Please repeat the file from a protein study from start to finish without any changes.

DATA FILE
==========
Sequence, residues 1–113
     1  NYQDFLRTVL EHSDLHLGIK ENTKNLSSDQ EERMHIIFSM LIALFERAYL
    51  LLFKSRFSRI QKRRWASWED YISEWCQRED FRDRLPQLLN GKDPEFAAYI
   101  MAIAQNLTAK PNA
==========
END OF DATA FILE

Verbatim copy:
Sequence, residues 1–113
     1  NYQDFLRTVL EHSDLHLGIK ENTKNLSSDQ EERMHIIFSM LIALFERAYL
    51  LLFKSRFSRI QKRRWASWED YISEWCQRED FRDRLPQLLN GKDPEFAAYI
   101  MAIAQNLTAK PNA